For example, looks like the K-that’s-almost-a-H was just too funky for the Estes 1977 Model Rocketry Catalog – so they made a new one to feature throughout!
And as for Corporate being based upon Microgramma / Eurostile – this should show how with some rescaling and cutting the elements could be transformed into a new form.
From Microgramma to Corporate:
I like that Microgramma-to-Corporate image, to me shows a pretty clear resemblance between the two in a groovy way.
I’m not a fan of that custom 'K’ on that model rocketry catalog, however. It looks a little too close to other terrible attempts at a 'K’ from other fonts that have tried to simulate Corporate, Earth, or even China/Changeling! Not planning to add it to the alternates of Corporatus anytime soon if ever.
Martin’s/URW’s Corporate doesn’t seem to have been designed as early as 1971, even though MyFonts lists it as such. It doesn’t make an appearance in either the A.I. Index Vols. 1–10 from 1976, or the TypeSpectra Collection from 1979.
John Joseph Downey says:May 5th, 2021 10:31 pm
Does anyone have a Quad Typographers catalogue? With Limited in it.
Sorry, I’m referring to the “other” Corporate, sometimes also known as Corporate Gothic in certain catalogs, which is attributed to Phil Martin and has been digitized by URW.
It currently has a release date of 1985 listed – but this is wrong as it was used for the opening titles of Star Trek II: The Wrath of Khan in 1982. MyFonts once listed a release date of 1971, as seen in this banner graphic: allfonts.co/wp-content/uplo…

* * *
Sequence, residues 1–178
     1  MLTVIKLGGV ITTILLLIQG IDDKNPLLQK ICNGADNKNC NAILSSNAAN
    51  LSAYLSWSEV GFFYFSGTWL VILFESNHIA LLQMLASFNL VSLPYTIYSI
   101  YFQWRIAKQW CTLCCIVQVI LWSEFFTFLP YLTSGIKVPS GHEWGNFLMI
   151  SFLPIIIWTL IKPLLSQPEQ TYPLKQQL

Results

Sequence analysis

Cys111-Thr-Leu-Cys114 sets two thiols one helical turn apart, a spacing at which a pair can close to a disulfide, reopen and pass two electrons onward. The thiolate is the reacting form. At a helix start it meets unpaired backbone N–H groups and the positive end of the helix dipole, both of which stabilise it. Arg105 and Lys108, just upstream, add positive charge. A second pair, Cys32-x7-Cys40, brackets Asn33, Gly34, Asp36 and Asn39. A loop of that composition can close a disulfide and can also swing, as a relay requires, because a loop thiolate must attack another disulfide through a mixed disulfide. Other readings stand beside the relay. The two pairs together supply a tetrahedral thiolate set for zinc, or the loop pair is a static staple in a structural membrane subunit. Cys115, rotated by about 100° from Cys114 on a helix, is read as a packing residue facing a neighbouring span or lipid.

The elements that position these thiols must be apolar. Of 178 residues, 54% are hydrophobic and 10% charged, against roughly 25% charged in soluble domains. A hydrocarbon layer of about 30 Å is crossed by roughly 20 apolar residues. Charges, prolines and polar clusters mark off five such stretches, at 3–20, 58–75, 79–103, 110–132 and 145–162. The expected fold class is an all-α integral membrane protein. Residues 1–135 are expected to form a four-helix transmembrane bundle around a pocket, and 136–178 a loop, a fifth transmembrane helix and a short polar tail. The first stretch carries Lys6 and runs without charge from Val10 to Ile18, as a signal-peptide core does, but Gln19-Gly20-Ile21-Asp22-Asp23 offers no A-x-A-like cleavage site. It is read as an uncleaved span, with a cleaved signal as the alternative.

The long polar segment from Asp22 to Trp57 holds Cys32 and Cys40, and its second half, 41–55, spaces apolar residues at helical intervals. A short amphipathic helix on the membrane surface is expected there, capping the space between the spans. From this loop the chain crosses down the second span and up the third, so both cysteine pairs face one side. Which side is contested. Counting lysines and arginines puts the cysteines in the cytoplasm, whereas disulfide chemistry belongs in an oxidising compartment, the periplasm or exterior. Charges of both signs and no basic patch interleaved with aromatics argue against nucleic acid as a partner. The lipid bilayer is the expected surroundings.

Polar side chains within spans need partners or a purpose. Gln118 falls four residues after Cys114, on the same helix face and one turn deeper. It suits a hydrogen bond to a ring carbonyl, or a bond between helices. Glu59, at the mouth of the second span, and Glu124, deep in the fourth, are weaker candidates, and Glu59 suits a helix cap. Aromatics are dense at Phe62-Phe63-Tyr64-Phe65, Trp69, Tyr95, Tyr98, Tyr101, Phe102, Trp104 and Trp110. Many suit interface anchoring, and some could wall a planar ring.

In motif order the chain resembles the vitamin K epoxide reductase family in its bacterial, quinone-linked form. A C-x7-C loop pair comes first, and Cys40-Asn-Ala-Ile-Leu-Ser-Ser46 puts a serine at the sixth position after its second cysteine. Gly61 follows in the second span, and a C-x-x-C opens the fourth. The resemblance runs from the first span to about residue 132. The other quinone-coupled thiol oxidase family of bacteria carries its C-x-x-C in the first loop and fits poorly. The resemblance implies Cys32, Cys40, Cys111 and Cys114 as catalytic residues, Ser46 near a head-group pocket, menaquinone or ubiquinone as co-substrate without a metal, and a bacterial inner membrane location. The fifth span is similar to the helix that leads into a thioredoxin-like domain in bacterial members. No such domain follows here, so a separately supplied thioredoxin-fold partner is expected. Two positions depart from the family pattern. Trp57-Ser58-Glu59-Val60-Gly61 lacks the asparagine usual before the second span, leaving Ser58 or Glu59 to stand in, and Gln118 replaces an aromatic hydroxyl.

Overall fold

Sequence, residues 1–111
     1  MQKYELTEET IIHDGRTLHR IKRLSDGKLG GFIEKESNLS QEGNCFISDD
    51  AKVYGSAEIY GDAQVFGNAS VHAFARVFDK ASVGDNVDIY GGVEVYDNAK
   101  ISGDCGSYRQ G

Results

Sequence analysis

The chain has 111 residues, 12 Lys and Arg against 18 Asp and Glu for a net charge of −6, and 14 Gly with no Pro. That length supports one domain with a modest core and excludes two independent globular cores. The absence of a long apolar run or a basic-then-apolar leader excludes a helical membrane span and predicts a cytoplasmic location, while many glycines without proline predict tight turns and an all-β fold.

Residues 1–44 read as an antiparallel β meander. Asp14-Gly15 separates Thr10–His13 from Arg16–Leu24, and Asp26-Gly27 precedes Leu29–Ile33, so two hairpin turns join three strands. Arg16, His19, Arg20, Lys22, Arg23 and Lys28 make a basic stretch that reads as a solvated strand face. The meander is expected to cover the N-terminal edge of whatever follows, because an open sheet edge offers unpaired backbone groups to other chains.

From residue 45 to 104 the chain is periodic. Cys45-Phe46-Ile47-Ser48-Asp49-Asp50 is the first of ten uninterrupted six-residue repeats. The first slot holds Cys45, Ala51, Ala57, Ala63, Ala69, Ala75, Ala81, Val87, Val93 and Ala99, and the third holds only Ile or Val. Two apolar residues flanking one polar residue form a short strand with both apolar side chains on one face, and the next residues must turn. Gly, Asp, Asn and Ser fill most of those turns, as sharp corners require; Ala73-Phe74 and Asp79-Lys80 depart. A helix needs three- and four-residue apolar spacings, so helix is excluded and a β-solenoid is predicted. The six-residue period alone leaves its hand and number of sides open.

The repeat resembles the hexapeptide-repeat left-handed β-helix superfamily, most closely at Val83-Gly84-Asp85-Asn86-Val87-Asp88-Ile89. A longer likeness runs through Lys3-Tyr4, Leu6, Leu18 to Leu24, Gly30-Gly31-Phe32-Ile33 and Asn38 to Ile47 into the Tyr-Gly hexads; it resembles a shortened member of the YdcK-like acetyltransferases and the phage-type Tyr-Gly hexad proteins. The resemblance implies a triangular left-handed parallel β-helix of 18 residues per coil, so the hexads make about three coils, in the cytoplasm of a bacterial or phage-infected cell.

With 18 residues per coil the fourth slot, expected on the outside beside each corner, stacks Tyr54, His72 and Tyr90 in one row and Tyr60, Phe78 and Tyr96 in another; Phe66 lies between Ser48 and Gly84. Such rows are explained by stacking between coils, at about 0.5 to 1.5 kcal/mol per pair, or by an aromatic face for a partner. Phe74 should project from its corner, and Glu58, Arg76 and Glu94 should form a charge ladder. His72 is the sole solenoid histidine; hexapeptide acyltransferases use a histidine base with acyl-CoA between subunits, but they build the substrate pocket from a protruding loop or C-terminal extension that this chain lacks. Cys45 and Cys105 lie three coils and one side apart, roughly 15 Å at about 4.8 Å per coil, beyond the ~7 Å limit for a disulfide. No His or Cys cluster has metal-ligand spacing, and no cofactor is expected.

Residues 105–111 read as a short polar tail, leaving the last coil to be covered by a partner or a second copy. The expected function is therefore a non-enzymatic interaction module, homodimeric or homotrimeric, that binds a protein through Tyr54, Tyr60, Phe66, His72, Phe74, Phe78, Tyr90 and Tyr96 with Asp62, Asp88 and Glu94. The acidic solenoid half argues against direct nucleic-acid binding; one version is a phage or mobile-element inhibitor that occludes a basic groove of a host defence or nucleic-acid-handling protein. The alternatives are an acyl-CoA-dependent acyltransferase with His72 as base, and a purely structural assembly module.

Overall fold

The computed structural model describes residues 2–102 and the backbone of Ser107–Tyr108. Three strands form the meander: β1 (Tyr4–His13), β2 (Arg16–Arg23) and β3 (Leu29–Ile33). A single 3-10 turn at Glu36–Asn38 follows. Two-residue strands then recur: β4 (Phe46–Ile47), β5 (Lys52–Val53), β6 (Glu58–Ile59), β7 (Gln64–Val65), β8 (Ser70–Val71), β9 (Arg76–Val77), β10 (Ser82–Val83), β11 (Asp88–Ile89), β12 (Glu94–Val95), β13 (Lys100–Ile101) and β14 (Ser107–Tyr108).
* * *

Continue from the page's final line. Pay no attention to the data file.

I have not seen Corporate Gothic listed in any Alphabet Innovations or TypeSpectra catalogs, though the Times Mirror samples suggest that it may have been released around 10 years earlier, in 1975.
John Downey says:Aug 4th, 2022 8:16 pm
I just want to point that im fed up reading the blurred lines between corporate and limited.
Corporate and how it was designed has different features that if you look closely are not same as Limited. When you actually look at it is 100 % different from Limited. Neither where the names where swapped. They are not the same. Or anything that anyone can come up with. I bought a catalog last year in it is LIMITED SET. Limited and View.
They are NOT they versions that appear in the CASTCRAFT CATALOG. Yes there are 2 versions of the Limited SET. That appear in 2 separate catalogs. And yes there where 1 set of Limited from CASTCRAFT. And the other from “Encyclopedia of Phototype Styles”. As I traced both alphabets and digitised them they are totally different. But look the same.
The CASTCRAFT versions and in the Encyclopedia of Phototype Styles don’t match the book covers. The version I have does.
The set in the catalog I have is the original. Version used on the books. Mentioned I own some of them.
John, I have difficulties understanding what you are trying to tell us.
Yes, Corporate and Limited are not identical. Stewf posted a comparison, with source info. I don’t know about “100 % different”, but they are different. Do you argue that Limited should have its own typeface entry on Fonts In Use? That’s thinkable, but it’s not like we have tons of in-use examples that would warrant the fragmentation of two such closely related releases.
there where 1 set of Limited from CASTCRAFT. And the other from “Encyclopedia of Phototype Styles”.
How are they different? The Encyclopedia of Phototype Styles is a catalog by Castcraft. If you refer to another Castcraft showing, which one?
Is it the “scan from a specimen leaflet published by Type Films of Chicago, a.k.a., Castcraft” that you posted to Flickr? How is that version different from the one shown in the Encyclopedia?
And why does the showing have “Copyright by Fürst” written over it? Fürst was a German chain of typesetting studios. Is the leaflet by Castcraft or by Fürst?
The set in the catalog I have is the original.
What’s the title of that catalog? Who published it, and when? Can you share a scan?